Oh deer!


The last few weeks I’ve hardly been standing still as my surroundings shifted from the snow-covered mountains of Chamonix, via the grey asphalt jungle in Seoul, and on to a surprisingly cold but still amazing Hong Kong, before ending with five days of semester start in Seoul, and then three days in central Japan. I’m back in Seoul again and looking forward to standing still(-ish) for 10 days.

My memory cards are filled with photos that I want to share with you, from the race track in Hong Kong, the streets of Lamma Island and the powder paradise that was Chamonix, but let’s start with the last first: Japan. Specifically, our trip to Nara Park yesterday. Nara is located less than an hour by train from Kyoto and Osaka respectively, and as it turns out is really only known for three things: 1) The largest bronze Buddha in the world, 2) Tame deer, and 3) An abandoned amusement park.

The amusement park, Nara Dreamland, was on our itinerary until we found out that the fine for being caught by the security guards is 100.000 Yen or more. One day I’ll go back and visit though. Wonder why? Here are some photos from the park.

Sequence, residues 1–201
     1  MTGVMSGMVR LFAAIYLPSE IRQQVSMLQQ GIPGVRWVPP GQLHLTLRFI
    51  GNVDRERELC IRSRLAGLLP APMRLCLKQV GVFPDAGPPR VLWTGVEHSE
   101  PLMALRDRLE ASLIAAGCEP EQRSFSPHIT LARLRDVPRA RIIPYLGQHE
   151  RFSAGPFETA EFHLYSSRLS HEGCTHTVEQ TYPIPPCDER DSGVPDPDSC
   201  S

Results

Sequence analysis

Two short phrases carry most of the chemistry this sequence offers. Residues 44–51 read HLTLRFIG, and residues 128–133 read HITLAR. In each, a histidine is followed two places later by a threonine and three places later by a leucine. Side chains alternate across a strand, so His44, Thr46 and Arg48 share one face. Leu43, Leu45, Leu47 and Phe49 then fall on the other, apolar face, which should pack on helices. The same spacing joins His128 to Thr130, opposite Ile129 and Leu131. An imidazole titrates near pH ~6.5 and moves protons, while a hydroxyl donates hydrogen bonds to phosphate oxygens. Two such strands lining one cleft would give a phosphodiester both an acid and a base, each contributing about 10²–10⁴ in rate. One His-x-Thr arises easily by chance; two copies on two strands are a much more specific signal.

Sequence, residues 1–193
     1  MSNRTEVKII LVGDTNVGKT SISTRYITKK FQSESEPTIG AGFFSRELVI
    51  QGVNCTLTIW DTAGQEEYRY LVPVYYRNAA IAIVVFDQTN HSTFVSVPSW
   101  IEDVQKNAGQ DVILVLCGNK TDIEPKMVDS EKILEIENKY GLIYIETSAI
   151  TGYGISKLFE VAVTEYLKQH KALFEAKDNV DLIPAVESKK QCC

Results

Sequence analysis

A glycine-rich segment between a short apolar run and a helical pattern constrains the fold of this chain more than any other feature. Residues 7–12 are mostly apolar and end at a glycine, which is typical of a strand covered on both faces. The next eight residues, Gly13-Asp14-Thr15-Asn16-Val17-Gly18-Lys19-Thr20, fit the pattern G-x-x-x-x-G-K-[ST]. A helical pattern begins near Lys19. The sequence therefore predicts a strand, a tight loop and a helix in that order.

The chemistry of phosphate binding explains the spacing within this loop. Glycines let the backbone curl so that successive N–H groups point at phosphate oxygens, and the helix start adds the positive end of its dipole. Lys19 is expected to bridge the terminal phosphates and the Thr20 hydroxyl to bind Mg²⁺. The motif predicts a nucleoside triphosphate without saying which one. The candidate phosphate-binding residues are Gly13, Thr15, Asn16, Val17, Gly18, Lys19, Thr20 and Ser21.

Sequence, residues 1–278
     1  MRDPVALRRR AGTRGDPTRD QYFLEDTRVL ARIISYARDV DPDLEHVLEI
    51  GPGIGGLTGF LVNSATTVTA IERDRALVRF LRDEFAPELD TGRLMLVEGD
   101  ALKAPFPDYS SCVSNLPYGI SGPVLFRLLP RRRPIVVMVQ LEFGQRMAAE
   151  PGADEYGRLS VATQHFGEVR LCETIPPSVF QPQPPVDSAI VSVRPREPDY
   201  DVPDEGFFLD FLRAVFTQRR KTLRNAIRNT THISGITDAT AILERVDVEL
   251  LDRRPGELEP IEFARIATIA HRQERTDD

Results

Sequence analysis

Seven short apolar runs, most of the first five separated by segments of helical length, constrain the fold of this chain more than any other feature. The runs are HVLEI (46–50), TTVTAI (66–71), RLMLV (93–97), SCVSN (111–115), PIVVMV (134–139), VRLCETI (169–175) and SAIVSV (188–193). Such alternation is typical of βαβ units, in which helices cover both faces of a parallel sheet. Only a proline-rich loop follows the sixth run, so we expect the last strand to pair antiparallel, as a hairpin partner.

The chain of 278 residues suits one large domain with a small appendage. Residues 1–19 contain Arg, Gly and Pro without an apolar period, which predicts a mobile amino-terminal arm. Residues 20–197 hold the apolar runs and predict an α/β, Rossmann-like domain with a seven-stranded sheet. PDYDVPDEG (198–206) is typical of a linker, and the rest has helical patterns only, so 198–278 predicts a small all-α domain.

We did however get to check off the two first items on our Nara bucket list. And oh man! If you get the chance, do go play with the charmingly annoying deer at Nara. The park, which is located about 15 minutes from the train station, is home to over 1000 deer that roam the grounds and hustle tourists for cookies.

The park also contains the world’s largest bronze Buddha, an impressive 15 meter tall statue that was first constructed in 751 AD (it has been recast several times due to damage from earthquakes and fires, with the latest modifications happening in the 17th century). In Japanese (shinto) tradition, the deer are considered messengers of the gods, so having that many deer on the grounds of a Buddhist temple is considered especially sacred (according to the guidebook). The deer at Nara are ruthless beggars though, resorting to biting your clothing and bags if they can’t access the cookies you spend hard-earned 150 yen on to feed them.

They’re very instagram-friendly though, so a #deerfie is obligatory if you ever visit the park!

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And then a visit to the temple grounds.

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How to get to Nara from Kyoto: Take the JR Nara Line from JR Kyoto Station to JR Nara Station. 45 minutes by express, 70 minutes by local train.

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